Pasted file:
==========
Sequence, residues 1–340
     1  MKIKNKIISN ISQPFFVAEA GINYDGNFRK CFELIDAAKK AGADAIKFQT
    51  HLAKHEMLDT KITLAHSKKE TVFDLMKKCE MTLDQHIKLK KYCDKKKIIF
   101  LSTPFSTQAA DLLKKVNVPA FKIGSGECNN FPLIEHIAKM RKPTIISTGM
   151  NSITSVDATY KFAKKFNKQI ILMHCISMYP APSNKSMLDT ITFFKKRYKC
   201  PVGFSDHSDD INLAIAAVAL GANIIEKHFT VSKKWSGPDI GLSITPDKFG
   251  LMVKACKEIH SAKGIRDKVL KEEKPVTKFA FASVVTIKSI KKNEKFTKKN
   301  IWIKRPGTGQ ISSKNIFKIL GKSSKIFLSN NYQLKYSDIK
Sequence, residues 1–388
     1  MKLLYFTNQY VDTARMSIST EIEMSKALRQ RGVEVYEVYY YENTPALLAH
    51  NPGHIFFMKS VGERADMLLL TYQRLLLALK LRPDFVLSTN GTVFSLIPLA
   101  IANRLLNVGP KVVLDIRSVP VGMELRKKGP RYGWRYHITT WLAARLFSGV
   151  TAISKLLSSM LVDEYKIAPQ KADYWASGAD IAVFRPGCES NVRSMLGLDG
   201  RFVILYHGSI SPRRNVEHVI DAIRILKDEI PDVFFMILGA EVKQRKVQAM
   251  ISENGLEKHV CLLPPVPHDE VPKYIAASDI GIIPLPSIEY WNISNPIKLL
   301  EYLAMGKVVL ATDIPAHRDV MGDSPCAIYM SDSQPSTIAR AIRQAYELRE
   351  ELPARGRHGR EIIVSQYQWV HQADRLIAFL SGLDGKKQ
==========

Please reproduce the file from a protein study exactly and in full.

Sequence, residues 1–340
     1  MKIKNKIISN ISQPFFVAEA GINYDGNFRK CFELIDAAKK AGADAIKFQT
    51  HLAKHEMLDT KITLAHSKKE TVFDLMKKCE MTLDQHIKLK KYCDKKKIIF
   101  LSTPFSTQAA DLLKKVNVPA FKIGSGECNN FPLIEHIAKM RKPTIISTGM
   151  NSITSVDATY KFAKKFNKQI ILMHCISMYP APSNKSMLDT ITFFKKRYKC
   201  PVGFSDHSDD INLAIAAVAL GANIIEKHFT VSKKWSGPDI GLSITPDKFG
   251  LMVKACKEIH SAKGIRDKVL KEEKPVTKFA FASVVTIKSI KKNEKFTKKN
   301  IWIKRPGTGQ ISSKNIFKIL GKSSKIFLSN NYQLKYSDIK
Sequence, residues 1–388
     1  MKLLYFTNQY VDTARMSIST EIEMSKALRQ RGVEVYEVYY YENTPALLAH
    51  NPGHIFFMKS VGERADMLLL TYQRLLLALK LRPDFVLSTN GTVFSLIPLA
   101  IANRLLNVGP KVVLDIRSVP VGMELRKKGP RYGWRYHITT WLAARLFSGV
   151  TAISKLLSSM LVDEYKIAPQ KADYWASGAD IAVFRPGCES NVRSMLGLDG
   201  RFVILYHGSI SPRRNVEHVI DAIRILKDEI PDVFFMILGA EVKQRKVQAM
   251  ISENGLEKHV CLLPPVPHDE VPKYIAASDI GIIPLPSIEY WNISNPIKLL
   301  EYLAMGKVVL ATDIPAHRDV MGDSPCAIYM SDSQPSTIAR AIRQAYELRE
   351  ELPARGRHGR EIIVSQYQWV HQADRLIAFL SGLDGKKQ